Despite the predictions of representative bureaucracy theory, empirical evidence concerning the link between increased racial representation in the police force and discriminatory policing activities is inconclusive. Some studies even found that increased racial representation may increase the disparity in law enforcement outcomes toward minority residents (Ochs 2011; Wilkins and Williams 2008). Given these previous findings, more empirical evidence is necessary to understand the circumstances in which increased racial representation in the police force promotes or hinders fair law enforcement outcomes toward racial minority residents.
In this regard, my current study examines whether increasing Black representation in police forces is negatively associated with racial discrimination in law enforcement using panel data collected from 326 U.S. local police agencies. Two law enforcement outcomes were particularly examined: police-involved deaths and order maintenance arrests of Black residents. This study further examines whether and how the association between Black representation and law enforcement outcomes differs according to the organizational and environmental contexts of the police agencies.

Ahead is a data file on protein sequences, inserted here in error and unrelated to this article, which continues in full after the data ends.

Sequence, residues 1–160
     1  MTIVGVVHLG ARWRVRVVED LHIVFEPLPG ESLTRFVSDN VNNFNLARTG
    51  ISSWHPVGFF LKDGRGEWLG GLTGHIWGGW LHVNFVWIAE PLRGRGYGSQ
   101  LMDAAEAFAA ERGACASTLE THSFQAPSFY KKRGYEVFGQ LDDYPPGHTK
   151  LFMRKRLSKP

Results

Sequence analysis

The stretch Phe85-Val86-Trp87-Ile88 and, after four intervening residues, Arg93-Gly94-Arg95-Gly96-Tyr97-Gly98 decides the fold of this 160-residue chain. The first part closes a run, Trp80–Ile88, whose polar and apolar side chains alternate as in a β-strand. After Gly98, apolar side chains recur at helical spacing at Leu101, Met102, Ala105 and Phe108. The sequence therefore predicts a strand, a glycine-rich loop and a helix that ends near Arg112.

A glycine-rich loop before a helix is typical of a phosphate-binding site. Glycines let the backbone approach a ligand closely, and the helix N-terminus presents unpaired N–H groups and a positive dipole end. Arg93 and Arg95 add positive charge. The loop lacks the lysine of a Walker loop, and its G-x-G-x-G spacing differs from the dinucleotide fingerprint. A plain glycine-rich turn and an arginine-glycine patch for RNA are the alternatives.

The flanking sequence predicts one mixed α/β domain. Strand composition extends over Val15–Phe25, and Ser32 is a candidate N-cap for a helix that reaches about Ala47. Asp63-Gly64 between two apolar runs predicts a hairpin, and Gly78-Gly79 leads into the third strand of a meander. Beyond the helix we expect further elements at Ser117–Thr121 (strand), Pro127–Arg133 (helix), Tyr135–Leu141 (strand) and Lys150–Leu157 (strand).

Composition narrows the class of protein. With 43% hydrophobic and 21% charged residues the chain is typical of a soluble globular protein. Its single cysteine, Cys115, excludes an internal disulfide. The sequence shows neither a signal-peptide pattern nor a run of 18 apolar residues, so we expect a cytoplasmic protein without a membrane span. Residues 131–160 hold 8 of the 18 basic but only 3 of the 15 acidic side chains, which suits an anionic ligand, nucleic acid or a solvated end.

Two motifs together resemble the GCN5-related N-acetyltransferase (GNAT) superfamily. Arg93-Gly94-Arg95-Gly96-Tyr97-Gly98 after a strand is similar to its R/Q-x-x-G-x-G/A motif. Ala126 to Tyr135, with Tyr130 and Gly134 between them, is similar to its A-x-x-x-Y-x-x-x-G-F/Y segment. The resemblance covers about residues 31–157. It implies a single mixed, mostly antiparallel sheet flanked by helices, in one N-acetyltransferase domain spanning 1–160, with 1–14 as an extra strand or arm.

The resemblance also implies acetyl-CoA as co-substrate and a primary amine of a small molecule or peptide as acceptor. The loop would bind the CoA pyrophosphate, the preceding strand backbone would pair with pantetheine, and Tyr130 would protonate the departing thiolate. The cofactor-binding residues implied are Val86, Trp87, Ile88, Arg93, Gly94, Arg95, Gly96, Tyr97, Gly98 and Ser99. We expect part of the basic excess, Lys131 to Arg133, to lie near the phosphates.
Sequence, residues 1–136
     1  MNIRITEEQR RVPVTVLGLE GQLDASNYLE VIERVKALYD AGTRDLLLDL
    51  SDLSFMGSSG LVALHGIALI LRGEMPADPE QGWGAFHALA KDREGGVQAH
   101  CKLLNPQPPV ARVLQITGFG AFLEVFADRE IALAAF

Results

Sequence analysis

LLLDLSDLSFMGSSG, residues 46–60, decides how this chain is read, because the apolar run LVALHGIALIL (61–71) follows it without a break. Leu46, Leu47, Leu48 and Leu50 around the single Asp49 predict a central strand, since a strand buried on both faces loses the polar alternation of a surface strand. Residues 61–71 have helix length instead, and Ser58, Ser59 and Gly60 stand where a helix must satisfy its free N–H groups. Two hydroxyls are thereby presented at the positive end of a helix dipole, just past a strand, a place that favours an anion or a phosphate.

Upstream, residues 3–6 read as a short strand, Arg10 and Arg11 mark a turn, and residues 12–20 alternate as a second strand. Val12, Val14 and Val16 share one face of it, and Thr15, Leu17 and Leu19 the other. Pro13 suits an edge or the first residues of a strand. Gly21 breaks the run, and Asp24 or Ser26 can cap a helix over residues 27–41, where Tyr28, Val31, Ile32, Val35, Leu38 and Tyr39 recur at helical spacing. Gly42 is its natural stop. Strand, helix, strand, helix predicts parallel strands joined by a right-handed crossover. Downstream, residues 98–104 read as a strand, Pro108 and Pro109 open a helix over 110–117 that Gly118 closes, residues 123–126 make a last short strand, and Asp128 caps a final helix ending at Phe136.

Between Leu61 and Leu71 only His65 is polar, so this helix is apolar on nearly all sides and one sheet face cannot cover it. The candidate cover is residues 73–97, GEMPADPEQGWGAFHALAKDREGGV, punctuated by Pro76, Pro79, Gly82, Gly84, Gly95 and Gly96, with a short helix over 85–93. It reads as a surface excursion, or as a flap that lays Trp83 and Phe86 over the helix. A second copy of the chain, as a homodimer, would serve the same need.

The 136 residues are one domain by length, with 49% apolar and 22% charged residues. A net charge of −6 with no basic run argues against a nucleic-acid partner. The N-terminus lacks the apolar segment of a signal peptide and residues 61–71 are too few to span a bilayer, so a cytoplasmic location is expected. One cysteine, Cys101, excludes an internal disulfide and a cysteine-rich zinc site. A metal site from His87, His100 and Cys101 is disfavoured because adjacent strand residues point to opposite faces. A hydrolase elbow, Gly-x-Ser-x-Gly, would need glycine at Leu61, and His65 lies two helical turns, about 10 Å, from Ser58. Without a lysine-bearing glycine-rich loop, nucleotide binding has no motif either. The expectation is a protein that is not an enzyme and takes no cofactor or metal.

Results show that an increased share of Black officers is associated with decreased police-involved deaths of Black residents, but is not significantly associated with a change in order maintenance arrests of Black suspects. In addition, the variables indicating organizational and environmental contexts of the police agencies did not have a significant moderating effect, except for the percent of White officers. Specifically, in the agencies with a large share of White officers, the percentage of Black officers is negatively associated with the police-involved deaths of Black residents only when the percentage of Black officers is relatively small; once the percentage became larger than about 15%, their relationship became positive.